The group, through companies such as Tata Steel, Tata Motors, Tata Chemicals and Tata Global Beverages, has manufacturing operations on both sides of the Atlantic Ocean. Any trade war and reciprocal tariffs on each others’ exports will hit revenue and profitability for the group plants in the US and the EU.
Among Tata group companies, Tata Motors is likely to take the biggest hit, followed by Tata Steel, Tata Chemicals, and Tata Global Beverages. In 2016-17, the US was the second-largest market for Tata Motors’ subsidiary Jaguar Land Rover (JLR) vehicles, behind its home market in the UK.
The US accounted for nearly a fifth of JLR’s global revenue and 17.2 per cent of Tata Motors’ consolidated revenue. Tata Motors is the group’s largest company, accounting for nearly 45 per cent of the group’s revenue last fiscal year.
Not surprisingly, Tata group stocks with large global operations were among the worst hit on the bourses on Monday. Tata Motors was the biggest loser among index heavyweights, losing 5 per cent in Monday’s trades.
Trump upped the ante by threatening to impose duty on passenger car imports from the EU.
This has created the spectre of a US-EU trade war, hurting revenues and profits of manufacturers trading between the two trading zones.
“It is too premature to comment on these issues at this time,” said a Tata group spokesperson.
Economists are, however, worried about the impact on consumer demand and corporate investments.
“Though it is early to quantify the exact economic impact of higher import tariffs in the US and the EU, protectionism almost always leads to a decline in exports (on net basis) of the target country,” said Devendra Pant, chief economist at India Ratings.
Tariffs also raise input costs for manufacturers, hitting consumer demand and lowering capacity utilisation, which, in turn, force companies to either cut back on fresh investments or delay expansion. In the longer term, everyone is a loser through lower trade, investment and economic growth, Pant added.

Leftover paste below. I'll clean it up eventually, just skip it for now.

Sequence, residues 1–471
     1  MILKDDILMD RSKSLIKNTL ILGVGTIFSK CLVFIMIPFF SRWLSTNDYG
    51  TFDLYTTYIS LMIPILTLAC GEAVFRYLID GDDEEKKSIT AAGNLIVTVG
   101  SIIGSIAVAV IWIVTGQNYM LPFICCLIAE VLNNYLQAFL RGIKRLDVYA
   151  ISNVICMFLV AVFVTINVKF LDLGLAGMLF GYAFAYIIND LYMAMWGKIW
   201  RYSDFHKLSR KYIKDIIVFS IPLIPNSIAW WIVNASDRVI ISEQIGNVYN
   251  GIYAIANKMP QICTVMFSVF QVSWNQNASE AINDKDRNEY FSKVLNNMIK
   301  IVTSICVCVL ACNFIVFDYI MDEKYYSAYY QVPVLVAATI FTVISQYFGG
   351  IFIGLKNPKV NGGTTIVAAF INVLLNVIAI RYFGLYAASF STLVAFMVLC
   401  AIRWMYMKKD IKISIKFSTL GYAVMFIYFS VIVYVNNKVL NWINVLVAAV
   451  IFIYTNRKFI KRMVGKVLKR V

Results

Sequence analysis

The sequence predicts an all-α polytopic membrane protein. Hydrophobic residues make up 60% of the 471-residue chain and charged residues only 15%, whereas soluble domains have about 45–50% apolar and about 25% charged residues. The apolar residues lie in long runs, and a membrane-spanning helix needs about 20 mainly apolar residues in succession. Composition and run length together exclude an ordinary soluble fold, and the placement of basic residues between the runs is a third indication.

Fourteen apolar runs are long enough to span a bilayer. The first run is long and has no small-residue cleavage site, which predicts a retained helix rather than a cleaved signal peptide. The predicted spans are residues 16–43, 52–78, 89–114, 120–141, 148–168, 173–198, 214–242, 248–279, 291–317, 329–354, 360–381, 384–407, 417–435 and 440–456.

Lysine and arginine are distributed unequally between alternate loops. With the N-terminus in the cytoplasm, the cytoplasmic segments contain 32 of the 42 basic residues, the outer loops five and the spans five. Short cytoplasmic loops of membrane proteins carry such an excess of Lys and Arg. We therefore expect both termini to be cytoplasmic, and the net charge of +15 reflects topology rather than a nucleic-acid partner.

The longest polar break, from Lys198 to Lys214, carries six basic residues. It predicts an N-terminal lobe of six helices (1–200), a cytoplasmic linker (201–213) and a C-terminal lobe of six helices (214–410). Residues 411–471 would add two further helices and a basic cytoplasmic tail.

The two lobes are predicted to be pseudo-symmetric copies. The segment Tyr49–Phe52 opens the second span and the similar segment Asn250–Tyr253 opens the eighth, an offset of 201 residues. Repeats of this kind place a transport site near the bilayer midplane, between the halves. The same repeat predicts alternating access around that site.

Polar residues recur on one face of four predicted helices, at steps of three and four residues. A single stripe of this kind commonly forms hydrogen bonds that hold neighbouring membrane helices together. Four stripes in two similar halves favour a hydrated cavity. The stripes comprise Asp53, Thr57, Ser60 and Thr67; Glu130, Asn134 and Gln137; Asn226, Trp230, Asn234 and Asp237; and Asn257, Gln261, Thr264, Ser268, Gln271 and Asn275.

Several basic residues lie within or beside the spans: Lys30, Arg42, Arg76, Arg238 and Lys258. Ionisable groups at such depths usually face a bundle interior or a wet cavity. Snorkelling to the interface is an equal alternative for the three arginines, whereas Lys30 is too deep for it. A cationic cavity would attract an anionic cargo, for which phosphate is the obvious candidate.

Tata Motors’ British subsidiary JLR is Britain’s largest passenger carmaker and one of the top luxury carmakers globally. If Trump raises duties on passenger car imports from the EU, JLR will be adversely affected, as it has no manufacturing operations in the US.
Tata Steel, on the other hand, is one of Europe’s top steelmakers, with manufacturing operations in the UK and the Netherlands. Incidentally, EU is the largest exporter of steel to the US, which will now become expensive after Trump’s decision to impose tariffs on steel and aluminium imports.
Tata Steel’s European operations accounted for 36 per cent of its global consolidated revenue in 2016-17.
The rise in protectionism would also hit Tata Chemicals, which is now the world’s third-largest soda ash maker, with manufacturing operations in both the US and the EU.
Tata Chemicals’ North America is the second-largest manufacturing operations for the company in value terms, after its Indian operations, accounting for nearly a quarter of consolidated revenue.
Analysts also see a negative impact for Tata Global Beverages, which has an extensive tea and coffee beverage operations in the EU, the UK and the US.
“Trade protectionism is always bad for consumer companies, as tariff barriers are inflationary in nature and raise the cost of operations for companies. The end result is a decline in consumer demand,” said G Chokkalingam, managing director, Equinomics Research.
In 2016-17, the non-India business – largely North America, the UK and the EU - accounted for nearly 60 per cent of Tata Global Beverages’ consolidated revenues.
*As on March 5, 2018; **Consolidated global revenues; YTD: Year-to-date Sources: Exchange, Companies, Capitaline